[HONG KONG] Asian markets mostly rose Friday, following a record lead from Wall Street, while the euro continued to defy mounting fears Greece would default after the latest talks on its debt reform collapsed.
The yen was flat as investors awaited the conclusion of the Bank of Japan's latest policy meeting, which is being watched for a handle on the state of the country's economy and its stimulus plans.
Tokyo added 0.81 per cent by the break, Hong Kong advanced 0.72 per cent, Sydney surged 1.29 per cent, Seoul gained 0.51 per cent. However, liquidity woes and profit-taking sent Shanghai tumbling 1.99 per cent.
Wall Street's three main indexes rallied, with analysts attributing the gains mostly to the Federal Reserve's policy announcement and pledge Wednesday from chair Janet Yellen that it will only gradually raise interest rates.
The comments eased worries about a sharp rise in borrowing rates in the world's top economy and key driver of global growth.
The Nasdaq jumped 1.34 per cent to a record high, while the Dow added 1.00 per cent and the S&P 500 gained 0.99 per cent.
Investors brushed off increasing worries about Greece's future in the eurozone after talks between the bloc's Eurogroup of finance ministers fell apart Thursday.
The meeting in Luxembourg aimed at breaking the five-month-old standoff was the latest failure to reach a compromise and leaves Athens with less than two weeks to unlock billions of euros in bailout funds to service its debts.
With Greece unwilling to agree to some austerity terms and creditors also not backing down, the country could end up defaulting, which could then lead to it leaving the eurozone.
Greek Finance Minister Yanis Varoufakis warned "an accident" in the bitter dispute was drawing "dangerously close", while International Monetary Fund chief Christine Lagarde said progress required "adults in the room" in an apparent swipe at Athens officials.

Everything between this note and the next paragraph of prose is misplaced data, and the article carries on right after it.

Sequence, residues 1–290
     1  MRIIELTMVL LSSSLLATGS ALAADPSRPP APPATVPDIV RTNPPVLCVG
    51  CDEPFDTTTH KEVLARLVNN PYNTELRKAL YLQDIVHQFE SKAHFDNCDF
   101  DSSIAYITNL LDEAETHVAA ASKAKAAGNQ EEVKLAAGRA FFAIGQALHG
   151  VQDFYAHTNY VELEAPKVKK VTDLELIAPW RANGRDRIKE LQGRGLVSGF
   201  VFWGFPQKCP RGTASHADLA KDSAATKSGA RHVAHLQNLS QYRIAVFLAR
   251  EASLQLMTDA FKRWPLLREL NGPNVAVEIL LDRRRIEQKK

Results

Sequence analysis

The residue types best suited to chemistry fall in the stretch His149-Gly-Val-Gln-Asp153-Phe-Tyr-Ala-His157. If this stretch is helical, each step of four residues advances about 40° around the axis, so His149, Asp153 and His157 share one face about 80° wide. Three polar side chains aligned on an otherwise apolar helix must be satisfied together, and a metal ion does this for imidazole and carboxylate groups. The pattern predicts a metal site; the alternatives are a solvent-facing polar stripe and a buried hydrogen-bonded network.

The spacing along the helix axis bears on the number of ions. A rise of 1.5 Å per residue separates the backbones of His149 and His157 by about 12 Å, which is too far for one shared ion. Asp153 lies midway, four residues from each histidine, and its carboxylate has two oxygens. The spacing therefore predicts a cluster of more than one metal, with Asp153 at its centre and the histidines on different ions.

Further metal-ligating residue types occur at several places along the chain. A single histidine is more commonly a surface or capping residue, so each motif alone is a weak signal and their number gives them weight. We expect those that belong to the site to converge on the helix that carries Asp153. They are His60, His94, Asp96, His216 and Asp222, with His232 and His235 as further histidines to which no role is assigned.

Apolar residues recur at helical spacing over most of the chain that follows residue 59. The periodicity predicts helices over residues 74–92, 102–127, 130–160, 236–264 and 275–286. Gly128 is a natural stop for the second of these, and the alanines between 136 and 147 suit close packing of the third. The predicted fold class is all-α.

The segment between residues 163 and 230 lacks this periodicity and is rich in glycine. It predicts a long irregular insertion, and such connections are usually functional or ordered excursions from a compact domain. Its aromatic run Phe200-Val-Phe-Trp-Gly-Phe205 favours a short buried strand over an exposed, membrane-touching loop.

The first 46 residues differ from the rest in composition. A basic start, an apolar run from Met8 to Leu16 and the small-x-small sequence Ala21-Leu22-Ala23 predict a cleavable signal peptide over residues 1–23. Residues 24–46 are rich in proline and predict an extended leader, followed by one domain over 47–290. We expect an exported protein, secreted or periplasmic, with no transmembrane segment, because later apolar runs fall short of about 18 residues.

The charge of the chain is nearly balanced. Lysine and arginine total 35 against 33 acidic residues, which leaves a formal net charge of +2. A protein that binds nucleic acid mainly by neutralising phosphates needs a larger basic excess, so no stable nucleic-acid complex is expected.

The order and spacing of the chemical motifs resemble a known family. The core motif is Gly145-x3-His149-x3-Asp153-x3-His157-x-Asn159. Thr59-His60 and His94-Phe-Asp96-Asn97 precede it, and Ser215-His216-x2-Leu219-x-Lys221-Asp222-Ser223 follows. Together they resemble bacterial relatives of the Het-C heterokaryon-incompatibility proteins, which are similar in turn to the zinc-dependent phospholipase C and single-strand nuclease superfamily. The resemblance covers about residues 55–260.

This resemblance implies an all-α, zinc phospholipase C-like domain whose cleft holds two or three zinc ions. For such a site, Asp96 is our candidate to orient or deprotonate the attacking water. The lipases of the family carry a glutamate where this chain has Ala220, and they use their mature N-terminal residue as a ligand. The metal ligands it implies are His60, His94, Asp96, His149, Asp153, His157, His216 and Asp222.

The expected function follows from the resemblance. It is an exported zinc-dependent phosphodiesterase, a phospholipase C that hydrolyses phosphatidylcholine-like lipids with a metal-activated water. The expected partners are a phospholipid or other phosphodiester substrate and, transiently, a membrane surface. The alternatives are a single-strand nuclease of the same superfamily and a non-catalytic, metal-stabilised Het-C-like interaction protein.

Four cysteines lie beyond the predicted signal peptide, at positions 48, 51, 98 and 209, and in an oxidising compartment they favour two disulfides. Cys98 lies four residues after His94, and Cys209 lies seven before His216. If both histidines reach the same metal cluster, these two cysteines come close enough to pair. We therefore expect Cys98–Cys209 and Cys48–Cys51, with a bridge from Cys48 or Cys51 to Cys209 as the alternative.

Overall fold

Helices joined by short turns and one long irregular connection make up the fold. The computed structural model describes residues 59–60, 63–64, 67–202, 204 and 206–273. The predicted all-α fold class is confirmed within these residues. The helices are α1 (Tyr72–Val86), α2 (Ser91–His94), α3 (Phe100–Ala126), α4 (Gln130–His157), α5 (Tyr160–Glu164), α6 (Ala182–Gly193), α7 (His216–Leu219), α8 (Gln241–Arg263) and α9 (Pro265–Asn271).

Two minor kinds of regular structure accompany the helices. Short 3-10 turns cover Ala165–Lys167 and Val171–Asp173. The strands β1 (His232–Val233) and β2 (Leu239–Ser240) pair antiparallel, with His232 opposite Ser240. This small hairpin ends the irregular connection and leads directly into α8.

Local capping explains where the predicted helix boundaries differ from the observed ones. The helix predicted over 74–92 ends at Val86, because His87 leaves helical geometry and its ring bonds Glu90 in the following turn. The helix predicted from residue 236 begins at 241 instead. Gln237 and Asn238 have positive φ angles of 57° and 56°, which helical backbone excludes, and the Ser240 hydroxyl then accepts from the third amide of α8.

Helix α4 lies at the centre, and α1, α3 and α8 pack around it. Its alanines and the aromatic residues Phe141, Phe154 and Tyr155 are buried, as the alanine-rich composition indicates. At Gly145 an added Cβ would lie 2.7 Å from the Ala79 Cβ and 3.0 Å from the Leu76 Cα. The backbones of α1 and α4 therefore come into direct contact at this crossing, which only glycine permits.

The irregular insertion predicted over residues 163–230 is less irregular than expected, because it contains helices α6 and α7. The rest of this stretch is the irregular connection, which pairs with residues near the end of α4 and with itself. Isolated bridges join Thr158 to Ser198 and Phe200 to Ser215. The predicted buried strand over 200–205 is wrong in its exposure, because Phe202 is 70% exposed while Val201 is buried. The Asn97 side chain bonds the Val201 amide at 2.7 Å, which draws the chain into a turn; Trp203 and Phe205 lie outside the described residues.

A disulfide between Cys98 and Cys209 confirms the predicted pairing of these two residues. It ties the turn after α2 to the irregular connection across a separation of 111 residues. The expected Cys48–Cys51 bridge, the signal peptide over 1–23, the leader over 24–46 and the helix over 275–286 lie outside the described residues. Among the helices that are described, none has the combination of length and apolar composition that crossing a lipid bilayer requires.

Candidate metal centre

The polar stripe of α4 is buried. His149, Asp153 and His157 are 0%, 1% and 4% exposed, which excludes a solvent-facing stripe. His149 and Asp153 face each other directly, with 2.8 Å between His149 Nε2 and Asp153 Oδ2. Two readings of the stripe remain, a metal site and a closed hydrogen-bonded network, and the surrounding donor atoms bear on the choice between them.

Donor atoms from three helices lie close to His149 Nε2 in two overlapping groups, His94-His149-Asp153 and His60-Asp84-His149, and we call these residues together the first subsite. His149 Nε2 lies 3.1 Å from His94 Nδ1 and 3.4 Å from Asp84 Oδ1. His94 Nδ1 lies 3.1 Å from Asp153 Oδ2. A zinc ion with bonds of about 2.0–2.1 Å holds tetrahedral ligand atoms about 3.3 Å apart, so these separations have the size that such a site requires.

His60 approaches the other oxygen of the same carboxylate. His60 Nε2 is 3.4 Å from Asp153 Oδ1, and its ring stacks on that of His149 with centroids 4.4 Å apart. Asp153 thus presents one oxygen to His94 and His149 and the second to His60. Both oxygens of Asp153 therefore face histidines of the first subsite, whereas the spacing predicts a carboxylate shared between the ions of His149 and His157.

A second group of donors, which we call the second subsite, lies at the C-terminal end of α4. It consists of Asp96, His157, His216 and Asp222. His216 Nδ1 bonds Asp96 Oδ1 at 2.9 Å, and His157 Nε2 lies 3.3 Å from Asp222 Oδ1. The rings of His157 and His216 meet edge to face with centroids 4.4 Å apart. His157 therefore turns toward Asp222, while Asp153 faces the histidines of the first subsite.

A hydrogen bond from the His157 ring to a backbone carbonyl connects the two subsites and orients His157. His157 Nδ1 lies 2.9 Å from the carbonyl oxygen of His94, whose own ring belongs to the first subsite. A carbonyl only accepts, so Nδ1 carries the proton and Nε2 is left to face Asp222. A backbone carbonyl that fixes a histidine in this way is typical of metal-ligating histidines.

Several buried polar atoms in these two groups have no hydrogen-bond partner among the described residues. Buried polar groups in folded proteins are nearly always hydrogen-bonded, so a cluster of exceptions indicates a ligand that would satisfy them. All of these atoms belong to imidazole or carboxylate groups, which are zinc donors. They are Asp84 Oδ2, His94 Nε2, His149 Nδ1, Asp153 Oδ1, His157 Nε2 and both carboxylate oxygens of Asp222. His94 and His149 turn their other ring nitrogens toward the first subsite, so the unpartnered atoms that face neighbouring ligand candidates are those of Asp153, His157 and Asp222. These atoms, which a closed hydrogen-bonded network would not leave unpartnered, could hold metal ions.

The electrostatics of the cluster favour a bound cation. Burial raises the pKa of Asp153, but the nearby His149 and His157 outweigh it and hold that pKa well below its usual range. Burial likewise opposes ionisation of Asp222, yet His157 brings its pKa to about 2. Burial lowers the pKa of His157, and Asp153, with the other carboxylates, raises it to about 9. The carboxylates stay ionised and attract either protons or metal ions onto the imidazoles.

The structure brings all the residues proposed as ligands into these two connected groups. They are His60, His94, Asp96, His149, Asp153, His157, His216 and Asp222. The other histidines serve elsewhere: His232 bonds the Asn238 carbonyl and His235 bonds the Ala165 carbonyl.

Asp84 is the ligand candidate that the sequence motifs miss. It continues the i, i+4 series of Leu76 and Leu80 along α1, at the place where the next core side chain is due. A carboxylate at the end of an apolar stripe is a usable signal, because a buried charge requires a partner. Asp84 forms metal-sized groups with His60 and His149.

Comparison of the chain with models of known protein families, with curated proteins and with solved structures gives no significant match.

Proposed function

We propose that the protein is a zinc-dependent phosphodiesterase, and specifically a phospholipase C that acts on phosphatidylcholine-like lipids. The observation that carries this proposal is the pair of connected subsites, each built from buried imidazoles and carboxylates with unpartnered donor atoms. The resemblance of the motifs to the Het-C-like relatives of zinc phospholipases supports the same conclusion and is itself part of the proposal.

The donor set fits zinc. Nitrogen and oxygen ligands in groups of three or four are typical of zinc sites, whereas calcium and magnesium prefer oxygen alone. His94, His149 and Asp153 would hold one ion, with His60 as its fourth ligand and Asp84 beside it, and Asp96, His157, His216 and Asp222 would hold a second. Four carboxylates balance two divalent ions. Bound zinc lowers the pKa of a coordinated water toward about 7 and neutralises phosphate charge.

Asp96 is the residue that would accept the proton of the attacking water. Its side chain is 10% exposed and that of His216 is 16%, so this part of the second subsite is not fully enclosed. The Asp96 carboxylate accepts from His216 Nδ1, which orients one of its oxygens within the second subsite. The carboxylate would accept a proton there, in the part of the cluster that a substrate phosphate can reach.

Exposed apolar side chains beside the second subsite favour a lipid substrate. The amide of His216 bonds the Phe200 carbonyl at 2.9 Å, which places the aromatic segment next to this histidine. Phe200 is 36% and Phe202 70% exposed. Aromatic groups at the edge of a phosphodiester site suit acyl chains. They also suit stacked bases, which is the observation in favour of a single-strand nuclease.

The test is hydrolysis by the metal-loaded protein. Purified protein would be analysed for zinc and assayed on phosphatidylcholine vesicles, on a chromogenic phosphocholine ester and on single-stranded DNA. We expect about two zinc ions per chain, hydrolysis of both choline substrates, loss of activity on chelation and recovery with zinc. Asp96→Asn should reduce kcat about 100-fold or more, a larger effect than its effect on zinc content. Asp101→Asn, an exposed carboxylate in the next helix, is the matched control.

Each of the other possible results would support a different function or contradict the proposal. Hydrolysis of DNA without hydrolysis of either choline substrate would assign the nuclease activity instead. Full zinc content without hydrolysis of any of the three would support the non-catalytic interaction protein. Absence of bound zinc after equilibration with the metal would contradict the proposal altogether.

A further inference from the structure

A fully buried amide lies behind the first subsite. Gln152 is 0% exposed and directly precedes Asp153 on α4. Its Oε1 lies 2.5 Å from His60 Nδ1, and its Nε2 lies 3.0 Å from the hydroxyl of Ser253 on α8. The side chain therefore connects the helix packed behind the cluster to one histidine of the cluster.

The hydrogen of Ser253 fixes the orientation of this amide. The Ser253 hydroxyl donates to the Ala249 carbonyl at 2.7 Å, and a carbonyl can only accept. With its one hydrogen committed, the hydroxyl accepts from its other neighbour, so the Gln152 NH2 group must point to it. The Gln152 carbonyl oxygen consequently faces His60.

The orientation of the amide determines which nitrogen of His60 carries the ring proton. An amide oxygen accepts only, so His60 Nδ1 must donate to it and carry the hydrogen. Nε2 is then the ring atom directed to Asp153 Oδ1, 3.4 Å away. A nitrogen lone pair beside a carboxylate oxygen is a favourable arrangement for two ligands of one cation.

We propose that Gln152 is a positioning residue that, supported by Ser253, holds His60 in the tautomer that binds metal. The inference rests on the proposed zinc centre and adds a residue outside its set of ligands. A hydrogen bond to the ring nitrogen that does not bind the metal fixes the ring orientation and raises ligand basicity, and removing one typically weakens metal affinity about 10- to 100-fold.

But Eurogroup chief Jeroen Dijssebloem told a news conference: "It is still possible to find an agreement and extend the current programme before the end of the month but the ball is clearly in the Greek court to seize that last opportunity." Despite the troubles the euro maintained its strength. It bought US$1.1379 compared with US$1.1371 in New York, where it at one point hit a one-month high of US$1.1436. The single currency was also at 139.87 yen on Friday against 139.78 yen in New York.
The dollar fetched 122.91 yen compared with 122.93 yen in US trade.
Eric Viloria, currency strategist for Wells Fargo Securities, said the euro gains came on reports suggesting Greece had obtained a delay in debt payments, but they were quickly pared when it became evident that was not the case.
The fact the euro did not lose all of its advances after the Eurogroup failure showed the market had not expected a deal, he said.
Chris Low, chief economist at FTN Financial, said he was "a little surprised" at the market's response but added: "Maybe we fully priced in Greece leaving the euro." On oil markets US benchmark West Texas Intermediate for July delivery was down 11 cents in mid-morning trade to US$60.34 while Brent crude for August was 16 cents lower at US$64.10.
Gold fetched US$1,201.65 compared with US$1,195.40 late Thursday.